Martin Tottle, 20th September 2013
Slowly, D1041 is undergoing a transformation from rust-bucket to a beautiful pristine mop bucket! Since withdrawal from service as far back as 2004, we have been putting off the need to action the body corrosion on the loco, indeed on a quiet night you could actually hear the loco rusting! Pleasingly, the sizeable repair is now well under way.
Initial platework was undertaken a while ago around the lower cab corners and valances however a bit of poking around highlighted the fact that the body skin especially on the cab ends was not really attached to anything that resembled metal; it was obvious that a more permanent repair was required.
We decided to take off nose-end bodyskin from headcode-box level downwards to examine the framework underneath. The framework was found impossible to examine as there was no framework ... just a few bits of evidence that framework was once there!
|The findings after further corrosion assessment in 2011|
More shockingly, the cab vertical support frames were so corroded that they were not attached to the running plate on top of the mainframes and dragboxes, essentially both cabs were found floating in mid-air suspended only by the cab desk and the thin bodyskin, one rough shunt and who knows where we would have ended up!
Other areas of concern discovered were the front sandboxes which are formed into the box section extensions of the bodyside supports; these now after around 50 years of well-fermented damp sandy environment resemble pasta colanders!
The nose end top plates which run back under the windscreens continuing into the cab to form the top of the desk are badly corroded, these will require the screens and frames removing for the plate to be extracted and replaced. Framework where the cabs join the main bodysides has also suffered due to water entrapment in pockets above the cab door handrails and cabside window corners. This corrosion would appear to have been accelerated by the area being under stress by the weight of the 'floating' cabs.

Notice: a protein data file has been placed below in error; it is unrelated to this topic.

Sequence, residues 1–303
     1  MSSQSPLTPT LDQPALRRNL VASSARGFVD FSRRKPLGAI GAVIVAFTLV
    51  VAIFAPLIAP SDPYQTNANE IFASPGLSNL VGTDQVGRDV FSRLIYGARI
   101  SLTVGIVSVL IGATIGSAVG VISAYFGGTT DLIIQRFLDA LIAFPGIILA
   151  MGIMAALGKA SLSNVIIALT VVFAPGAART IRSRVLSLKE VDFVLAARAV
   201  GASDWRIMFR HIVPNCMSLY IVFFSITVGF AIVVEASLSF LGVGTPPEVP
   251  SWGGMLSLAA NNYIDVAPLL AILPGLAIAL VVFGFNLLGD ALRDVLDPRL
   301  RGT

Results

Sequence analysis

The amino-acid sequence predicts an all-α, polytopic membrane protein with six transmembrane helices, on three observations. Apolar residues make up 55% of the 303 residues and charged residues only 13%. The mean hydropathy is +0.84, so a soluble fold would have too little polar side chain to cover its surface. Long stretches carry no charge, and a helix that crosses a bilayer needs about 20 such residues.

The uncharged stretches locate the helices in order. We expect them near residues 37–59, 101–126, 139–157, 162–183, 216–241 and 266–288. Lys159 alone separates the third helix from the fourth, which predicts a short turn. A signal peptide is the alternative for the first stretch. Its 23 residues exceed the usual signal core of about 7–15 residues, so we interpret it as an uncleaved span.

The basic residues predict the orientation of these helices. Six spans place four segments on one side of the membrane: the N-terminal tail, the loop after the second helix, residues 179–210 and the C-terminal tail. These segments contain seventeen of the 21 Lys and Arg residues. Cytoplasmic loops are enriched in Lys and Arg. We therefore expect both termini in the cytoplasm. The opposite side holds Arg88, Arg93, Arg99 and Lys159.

|B-End sandbox corrosion, January 2013 (left) and A-End Cab re-attached to Loco! May 2013|
All this seems to be a sad story of woe, and yes, it is! Truthfully, if the loco were a car, it would have been turned into a tightly crushed unattractive cube, ceremoniously shipped out to some developing country, melted down and turned into a sky-scraper RSJ a long time ago!
We however at the East Lancs have a driven desire to transform inanimate objects into useful kitchen utensils, Oil-drums into Barbeques, Toilet pans into stunning flowerpots etc. So it was decided that repairing Western Prince would be a mere snip of a job!
|A-End Box Sections complete|
As I stated earlier, we have taken off nose end skin, also down the lower cabsides as far as the front sandboxes. Fortunately, the very intricately shaped cab and valance corners are in a good enough condition to clean up and re-use. The lower buffer beam and corner valances are in the process of being removed, these will be sand blasted and hopefully there will be enough metal to repair to a good standard.
|A End Modified Spray deflectors, 2nd mans side left, drivers right - also note the extra support webs|
New front-end framework has been fabricated and welded in place and new running plate cut and let in to join good metal short of the cab desk uprights. Cab uprights have been cut back to good metal with new extensions added to once again re-unite the cab to a firm grounding on the mainframe ... no more un-necessary cab-bounce!
Cab corner splash-back plates have been welded in place to reduce the build-up of highly corrosive brakedust and other debris thrown up by the leading wheelsets. Additional drain holes will be made to reduce condensation build-up behind the new bodyskins.
The unfortunate side to all this work is that once the bodyskin goes over the top, you won't see it, although I have the scars to prove, we hope the loco will once again look like a Western and last another lifetime!
Here's looking forward to a complete loco in 2014. Please help the project with donations if you can. As always thank you for taking the time to have a look at progress.
The previous report (28/05/2013) can be viewed here
If you are interested in becoming a volunteer or would like to make a donation click here for details.